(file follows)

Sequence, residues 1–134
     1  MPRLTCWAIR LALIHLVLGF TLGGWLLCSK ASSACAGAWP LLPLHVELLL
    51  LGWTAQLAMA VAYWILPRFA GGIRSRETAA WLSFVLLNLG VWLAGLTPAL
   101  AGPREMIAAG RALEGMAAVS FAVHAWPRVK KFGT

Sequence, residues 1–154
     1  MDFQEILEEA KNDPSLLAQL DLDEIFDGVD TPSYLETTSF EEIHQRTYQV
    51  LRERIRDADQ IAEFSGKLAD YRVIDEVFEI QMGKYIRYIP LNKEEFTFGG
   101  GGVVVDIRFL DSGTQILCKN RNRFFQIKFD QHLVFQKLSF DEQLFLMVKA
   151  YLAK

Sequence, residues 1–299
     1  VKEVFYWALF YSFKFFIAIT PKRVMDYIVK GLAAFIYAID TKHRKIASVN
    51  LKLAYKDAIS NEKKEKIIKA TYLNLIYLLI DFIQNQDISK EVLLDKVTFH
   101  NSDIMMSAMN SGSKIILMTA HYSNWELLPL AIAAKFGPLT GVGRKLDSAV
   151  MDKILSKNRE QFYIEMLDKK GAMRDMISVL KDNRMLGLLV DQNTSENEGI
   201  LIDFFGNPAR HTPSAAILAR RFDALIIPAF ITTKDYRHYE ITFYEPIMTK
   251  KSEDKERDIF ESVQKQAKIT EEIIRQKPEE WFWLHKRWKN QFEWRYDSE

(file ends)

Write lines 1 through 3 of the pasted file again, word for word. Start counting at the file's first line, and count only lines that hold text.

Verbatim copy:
Sequence, residues 1–134
     1  MPRLTCWAIR LALIHLVLGF TLGGWLLCSK ASSACAGAWP LLPLHVELLL
    51  LGWTAQLAMA VAYWILPRFA GGIRSRETAA WLSFVLLNLG VWLAGLTPAL